Baby Driver (2017) Review: The Best In The Business
In a world where every weekend the Baby Driver’ is perhaps the most unique film to come out this summer. It’s a nice respite for those of us sick of the usual mega blockbuster that often defies logic, and wears the viewer down with its exhausting runtime. It follows Baby, played by Ansel Elgort, a getaway driver for a gang of bank robbers, led by the incorrigible Doc, played by Kevin Spacey. Baby is the best in the business, but even though his hands are magic behind the wheel, his heart isn’t in it. Baby would like nothing more than to ride off into the sunset, free to drive his own way. Like the cowboys of old.
‘Baby Driver’ is a familiar story. We’ve seen the tale of the criminal with a heart of gold before. Despite that, the movie feels infinitely fresh with every moment that passes. A large part of that is due to the absolutely stellar car stunts on display. ‘Baby Driver’ makes the Fast and Furious films look like child’s play. The stunts themselves are intricately designed and a thrill to watch, as Baby maneuvers a car like it’s an extension of himself.
Watching it is one thing, but listening to it is another. Baby suffers tinnitus and is often overburdened by the everyday noises of life. To drown out the confusion, he constantly has a pair of earbuds playing everything from smooth jazz to classic rock. Baby’s music is at times the centerpiece of a scene, with a gunfight perfectly synced up to the beat of a drum. Everything in ‘Baby Driver’ makes it feel like it’s constantly moving forward, with an expert level of pacing, as Edgar Wright delivers another gem that’s absolutely brimming with creativity.
That constant momentum doesn’t mean the movie moves at a breakneck speed. Yes, there are times when Baby is traveling that quickly, but ‘Baby Driver’ knows when to take it slow as well. Meaningful character moments are spliced in to offset the intense action. Most come from Baby’s interactions with Lily James’ Deborah. James plays a waitress who shares Baby’s love of music. The two were at times more engaging than the car chases and gunfights, and the true heart of the movie.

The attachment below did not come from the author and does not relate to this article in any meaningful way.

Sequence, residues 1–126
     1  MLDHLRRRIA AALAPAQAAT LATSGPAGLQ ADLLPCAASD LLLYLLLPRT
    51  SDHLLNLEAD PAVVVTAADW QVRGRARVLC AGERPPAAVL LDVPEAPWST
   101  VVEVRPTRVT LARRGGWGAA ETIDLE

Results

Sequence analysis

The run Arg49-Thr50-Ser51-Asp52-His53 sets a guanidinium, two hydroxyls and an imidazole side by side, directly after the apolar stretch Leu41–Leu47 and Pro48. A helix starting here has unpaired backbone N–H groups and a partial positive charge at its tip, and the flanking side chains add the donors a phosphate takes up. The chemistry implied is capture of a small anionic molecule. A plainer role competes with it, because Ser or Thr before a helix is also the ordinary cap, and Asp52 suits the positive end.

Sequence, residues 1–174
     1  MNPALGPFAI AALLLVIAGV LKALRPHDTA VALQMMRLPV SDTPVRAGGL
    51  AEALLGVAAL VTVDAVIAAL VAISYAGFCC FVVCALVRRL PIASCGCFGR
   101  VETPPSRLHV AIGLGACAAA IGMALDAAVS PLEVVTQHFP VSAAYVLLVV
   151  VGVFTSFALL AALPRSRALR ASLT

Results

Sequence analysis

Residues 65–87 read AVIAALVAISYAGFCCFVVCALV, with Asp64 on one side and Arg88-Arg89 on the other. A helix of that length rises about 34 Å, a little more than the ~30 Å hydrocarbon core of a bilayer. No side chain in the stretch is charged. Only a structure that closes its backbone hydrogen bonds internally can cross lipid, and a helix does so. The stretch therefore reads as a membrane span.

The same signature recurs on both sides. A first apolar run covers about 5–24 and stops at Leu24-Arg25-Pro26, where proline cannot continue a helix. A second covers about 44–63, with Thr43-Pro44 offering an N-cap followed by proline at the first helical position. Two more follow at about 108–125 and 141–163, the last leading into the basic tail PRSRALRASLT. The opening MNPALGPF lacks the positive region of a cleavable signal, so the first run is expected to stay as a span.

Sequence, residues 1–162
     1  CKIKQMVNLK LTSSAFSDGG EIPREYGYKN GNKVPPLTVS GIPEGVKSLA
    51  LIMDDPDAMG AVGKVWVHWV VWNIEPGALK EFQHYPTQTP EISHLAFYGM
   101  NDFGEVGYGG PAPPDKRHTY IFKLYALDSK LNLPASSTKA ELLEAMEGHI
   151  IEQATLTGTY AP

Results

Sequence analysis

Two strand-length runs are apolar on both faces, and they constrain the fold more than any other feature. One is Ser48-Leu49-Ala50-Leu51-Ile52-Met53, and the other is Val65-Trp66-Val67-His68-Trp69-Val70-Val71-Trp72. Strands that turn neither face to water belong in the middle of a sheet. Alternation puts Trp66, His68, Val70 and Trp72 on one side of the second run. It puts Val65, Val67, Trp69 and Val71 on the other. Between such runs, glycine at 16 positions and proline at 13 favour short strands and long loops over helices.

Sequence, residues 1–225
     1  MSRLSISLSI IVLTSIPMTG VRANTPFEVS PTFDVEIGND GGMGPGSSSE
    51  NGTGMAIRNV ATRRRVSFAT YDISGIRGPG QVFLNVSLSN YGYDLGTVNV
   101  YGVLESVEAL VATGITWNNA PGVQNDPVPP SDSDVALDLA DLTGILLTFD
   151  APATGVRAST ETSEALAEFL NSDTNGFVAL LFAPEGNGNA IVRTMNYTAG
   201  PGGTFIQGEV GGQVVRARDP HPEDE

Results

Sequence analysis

I have much disdain for Ansel Elgort. The first movie I was unfortunate to see him in was ‘The Fault in Our Stars’. He’s not been in much else, outside of the ‘Divergent’ series, and a few other young adult novel adaptations. So while I don’t have much to go off of, walking out of ‘The Fault in Our Stars’, I was entirely put off by his constant smug expression and general smarmy demeanour. I knew that a large part of that was his character in that movie was intentionally obnoxious, but I digress.
For a long time, I’ve been unable to disassociate Ansel Elgort from Agustus Waters. That is until Baby Driver, where Elgort comes into his own. He’s charming, sympathetic and the type of character you root for. He’s haunted but whimsical, and I was invested in his story, mostly based on Elgort’s truly human, multi-faceted portrayal of him. It’s clear Elgort put a lot into his performance, as he completely embodied who Baby was, right down to how certain songs make him feel.
‘Baby Driver is a film that is a master class in many things. It excels in directing, sound editing, sound mixing, even simple story progression. So many of what ‘Baby Driver’ does well, it does better than most films at their best. There are moments in ‘Baby Driver’ that elicit genuine awe. Ones that take the viewer by surprise, and defies their expectations. In a perfect world, this film makes all the money possible and is seen by audiences everywhere. Unfortunately, it’ll be yet another film that doesn’t get nearly as much attention as it truly deserves.